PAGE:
SACRAMENTO, Calif. (AP) — It’s been eight years since California voters approved funding for the nation’s first real high-speed rail system.
It promised to whisk travelers from San Francisco to Los Angeles in under three hours compared to six hours or more by car.
Eight years later, construction is years behind schedule, and the project has been plagued by legal, financial and logistical delays.
The $68 billion project is back in the spotlight this week as Central Valley landowners argue in court that the state can’t meet those promises made to voters.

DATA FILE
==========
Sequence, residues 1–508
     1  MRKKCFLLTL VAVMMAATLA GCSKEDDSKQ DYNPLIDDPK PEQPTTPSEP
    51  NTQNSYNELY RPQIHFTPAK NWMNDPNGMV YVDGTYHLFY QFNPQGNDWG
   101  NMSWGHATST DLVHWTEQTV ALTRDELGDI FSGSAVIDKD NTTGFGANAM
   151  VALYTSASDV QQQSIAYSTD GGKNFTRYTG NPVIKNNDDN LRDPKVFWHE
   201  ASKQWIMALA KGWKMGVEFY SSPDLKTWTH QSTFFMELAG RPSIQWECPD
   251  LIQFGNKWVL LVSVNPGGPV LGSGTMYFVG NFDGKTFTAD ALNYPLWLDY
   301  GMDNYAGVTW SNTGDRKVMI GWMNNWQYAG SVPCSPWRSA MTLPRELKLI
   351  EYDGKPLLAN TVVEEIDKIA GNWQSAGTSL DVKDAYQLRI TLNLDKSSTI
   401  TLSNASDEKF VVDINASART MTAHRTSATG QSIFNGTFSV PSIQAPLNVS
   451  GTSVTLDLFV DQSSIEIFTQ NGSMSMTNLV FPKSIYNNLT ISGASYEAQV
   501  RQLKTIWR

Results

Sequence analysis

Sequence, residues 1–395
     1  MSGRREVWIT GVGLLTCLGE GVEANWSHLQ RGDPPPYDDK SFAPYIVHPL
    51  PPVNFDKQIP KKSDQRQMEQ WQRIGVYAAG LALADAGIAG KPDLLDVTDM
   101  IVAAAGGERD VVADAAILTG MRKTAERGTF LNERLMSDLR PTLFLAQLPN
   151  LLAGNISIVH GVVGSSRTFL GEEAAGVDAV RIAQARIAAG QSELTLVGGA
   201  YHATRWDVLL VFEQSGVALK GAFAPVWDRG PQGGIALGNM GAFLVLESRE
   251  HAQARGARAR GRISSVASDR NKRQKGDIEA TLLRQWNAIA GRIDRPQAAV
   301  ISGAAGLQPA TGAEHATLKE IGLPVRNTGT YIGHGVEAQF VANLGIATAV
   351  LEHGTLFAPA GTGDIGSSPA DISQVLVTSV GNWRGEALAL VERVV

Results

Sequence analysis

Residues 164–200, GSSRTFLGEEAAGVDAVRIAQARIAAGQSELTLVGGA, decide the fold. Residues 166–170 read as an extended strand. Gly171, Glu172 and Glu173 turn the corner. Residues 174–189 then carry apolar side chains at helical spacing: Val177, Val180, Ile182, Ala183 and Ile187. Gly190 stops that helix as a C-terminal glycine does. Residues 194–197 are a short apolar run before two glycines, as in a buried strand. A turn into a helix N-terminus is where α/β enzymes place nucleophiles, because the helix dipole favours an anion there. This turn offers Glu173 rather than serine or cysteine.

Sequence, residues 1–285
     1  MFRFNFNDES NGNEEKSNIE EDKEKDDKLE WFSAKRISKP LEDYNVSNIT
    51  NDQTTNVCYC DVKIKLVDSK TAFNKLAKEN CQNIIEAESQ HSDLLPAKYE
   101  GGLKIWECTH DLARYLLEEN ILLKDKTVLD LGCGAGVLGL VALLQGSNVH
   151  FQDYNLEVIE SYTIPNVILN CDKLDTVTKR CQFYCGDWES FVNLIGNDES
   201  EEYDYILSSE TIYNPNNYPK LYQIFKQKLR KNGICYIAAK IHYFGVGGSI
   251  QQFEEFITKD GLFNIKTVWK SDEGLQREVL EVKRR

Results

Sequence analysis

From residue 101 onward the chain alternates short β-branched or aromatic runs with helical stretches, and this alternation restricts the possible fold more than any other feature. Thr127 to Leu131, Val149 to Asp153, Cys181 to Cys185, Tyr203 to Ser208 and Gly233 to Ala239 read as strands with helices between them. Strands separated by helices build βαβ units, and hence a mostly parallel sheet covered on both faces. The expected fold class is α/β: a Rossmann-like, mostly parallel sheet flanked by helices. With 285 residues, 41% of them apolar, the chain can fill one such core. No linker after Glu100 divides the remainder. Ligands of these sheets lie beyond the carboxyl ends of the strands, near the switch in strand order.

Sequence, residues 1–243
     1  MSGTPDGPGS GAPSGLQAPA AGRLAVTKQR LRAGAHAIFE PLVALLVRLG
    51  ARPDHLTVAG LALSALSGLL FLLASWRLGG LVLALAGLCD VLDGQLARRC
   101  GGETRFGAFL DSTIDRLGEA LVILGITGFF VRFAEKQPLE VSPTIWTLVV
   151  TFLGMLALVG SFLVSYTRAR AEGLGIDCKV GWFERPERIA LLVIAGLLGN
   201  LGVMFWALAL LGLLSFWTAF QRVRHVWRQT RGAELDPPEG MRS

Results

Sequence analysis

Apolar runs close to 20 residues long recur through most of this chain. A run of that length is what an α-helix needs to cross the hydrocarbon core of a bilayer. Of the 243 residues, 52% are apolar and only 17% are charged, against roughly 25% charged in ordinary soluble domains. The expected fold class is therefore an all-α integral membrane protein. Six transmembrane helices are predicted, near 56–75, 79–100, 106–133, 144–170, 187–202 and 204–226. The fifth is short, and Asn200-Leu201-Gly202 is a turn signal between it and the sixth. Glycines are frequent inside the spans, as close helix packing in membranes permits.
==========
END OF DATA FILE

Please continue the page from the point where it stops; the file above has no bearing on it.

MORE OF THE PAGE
The California High-Speed Rail Authority is also set to release its 2016 business plan this month.
Officials say they are considering extending the line north before it heads south. But opposition has grown in Southern California as the state studies potential rail routes.